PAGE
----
This simple tent structure is made up of a singular tent pole supporting a tent cover, which is pulled taunt over the pole and secured to the ground surrounding.
Similar in structure to the pyramid style, avian style tents are comprised of one or multiple straight poles supporting a tent cover. Pyramid and avian models can be limiting because the poles obstruct the inner area of the tent. They are best for short use, mild weather conditions or instances where quick shelter is needed.
Typically, these tents consist of two poles at each end to form an A-shape, with a single pole running down the center. A traditional A-frame model can be limiting in terms of size and stability because of the sloped sides. Alternatively, a modified A-frame tent consists of curved poles instead of straight, ultimately providing better stability and increased headspace in the interior. Modified models also tend to include a rainfly.
Tunnel tents have two or more poles along the width of the tent, providing good usable height along the centre line. Because they are pitched low to the ground, they stand up well against harsh winds.
Hoop tents consist of arched frames, which lend shape and stability throughout the structure. The arched shape of the roof allows for snow and rain to slide right off the tent. Hoop tents are lightweight and small when packed up, making them ideal for backpackers.
The wedge tent is a modified version of the aforementioned hoop tent, utilizing two intersecting hoops.
Dome tents are easy to pitch, structurally stable, and spacious, making them a popular choice for families and groups. These tents are usually made up of two to three poles intersecting to create the roof.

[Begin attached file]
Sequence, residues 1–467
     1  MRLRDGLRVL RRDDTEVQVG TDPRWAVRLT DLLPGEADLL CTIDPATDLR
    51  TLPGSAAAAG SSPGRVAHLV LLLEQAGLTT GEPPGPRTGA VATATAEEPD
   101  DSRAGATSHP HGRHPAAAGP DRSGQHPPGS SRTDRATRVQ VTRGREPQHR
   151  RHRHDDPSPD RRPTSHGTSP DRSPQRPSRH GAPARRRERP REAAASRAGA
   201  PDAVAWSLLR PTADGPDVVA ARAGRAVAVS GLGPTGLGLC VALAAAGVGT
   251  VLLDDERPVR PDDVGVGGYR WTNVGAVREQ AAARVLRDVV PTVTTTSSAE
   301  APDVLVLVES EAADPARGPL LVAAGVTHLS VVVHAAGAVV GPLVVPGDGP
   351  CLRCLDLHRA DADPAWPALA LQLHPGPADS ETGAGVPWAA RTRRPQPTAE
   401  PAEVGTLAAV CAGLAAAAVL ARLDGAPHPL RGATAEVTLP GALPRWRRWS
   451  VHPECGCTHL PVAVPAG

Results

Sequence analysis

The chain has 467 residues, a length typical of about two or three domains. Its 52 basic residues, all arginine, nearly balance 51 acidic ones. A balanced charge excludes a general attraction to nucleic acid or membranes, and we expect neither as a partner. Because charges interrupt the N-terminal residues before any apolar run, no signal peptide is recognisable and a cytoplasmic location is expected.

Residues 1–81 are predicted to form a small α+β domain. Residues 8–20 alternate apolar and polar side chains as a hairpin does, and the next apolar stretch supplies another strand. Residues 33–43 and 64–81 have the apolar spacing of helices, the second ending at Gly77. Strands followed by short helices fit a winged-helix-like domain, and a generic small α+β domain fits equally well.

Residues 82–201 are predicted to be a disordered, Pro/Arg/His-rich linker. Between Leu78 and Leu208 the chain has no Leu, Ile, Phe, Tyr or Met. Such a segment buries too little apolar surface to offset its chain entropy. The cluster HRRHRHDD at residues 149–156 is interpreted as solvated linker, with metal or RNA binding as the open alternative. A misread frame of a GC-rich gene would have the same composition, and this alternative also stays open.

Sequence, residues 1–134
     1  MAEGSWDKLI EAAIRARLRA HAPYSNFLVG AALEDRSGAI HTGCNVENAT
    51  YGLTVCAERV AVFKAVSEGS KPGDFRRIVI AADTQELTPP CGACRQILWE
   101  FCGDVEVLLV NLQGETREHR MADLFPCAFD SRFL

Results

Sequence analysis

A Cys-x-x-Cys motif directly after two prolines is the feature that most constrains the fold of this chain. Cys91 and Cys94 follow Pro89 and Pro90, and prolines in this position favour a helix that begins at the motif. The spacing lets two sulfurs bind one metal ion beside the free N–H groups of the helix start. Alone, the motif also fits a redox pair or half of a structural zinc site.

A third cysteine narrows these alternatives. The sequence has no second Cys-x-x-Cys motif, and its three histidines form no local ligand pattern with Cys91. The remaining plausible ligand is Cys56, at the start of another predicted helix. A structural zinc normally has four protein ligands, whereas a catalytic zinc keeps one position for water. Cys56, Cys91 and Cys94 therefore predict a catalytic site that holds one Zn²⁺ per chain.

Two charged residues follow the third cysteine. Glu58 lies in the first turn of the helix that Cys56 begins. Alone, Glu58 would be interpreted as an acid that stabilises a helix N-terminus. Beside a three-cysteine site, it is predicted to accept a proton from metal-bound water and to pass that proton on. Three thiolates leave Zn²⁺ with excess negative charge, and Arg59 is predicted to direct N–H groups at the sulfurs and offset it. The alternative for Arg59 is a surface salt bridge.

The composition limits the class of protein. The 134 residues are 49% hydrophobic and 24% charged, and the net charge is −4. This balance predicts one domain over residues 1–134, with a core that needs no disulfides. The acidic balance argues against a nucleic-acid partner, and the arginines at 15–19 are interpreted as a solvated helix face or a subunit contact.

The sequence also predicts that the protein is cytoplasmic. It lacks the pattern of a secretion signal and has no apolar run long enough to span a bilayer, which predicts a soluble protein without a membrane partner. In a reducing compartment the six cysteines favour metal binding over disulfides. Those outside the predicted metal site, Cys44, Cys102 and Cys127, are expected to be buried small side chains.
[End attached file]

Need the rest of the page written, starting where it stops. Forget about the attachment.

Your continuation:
Other factors to consider when purchasing a tent:
Most tents are made of nylon, canvas or polyester. Nylon is the lightest of the bunch, designed for mild weather conditions; canvas is heavy but durable; polyester stands up well to heat and persistent sunlight.
- Freestanding or fixed
Theoretically, freestanding tents support themselves, meaning that when fully pitched, they can support themselves and be physically moved if needed. Freestanding tents tend to be more popular than the alternative: fixed tents. A fixed tent requires stakes and guylines, which secure the structure to the ground, in order to support itself. Freestanding tents often require stakes and guylines as well, so that a strong wind doesn’t cause them to shift after they’ve been pitched.
- Special features and hybrids.
Besides the aforementioned seven tent types, there are tents available on the market which surpass basic use. Examples of these include hybrid tents, which combine desirable features from the existing tent types, suspended models or safari tents.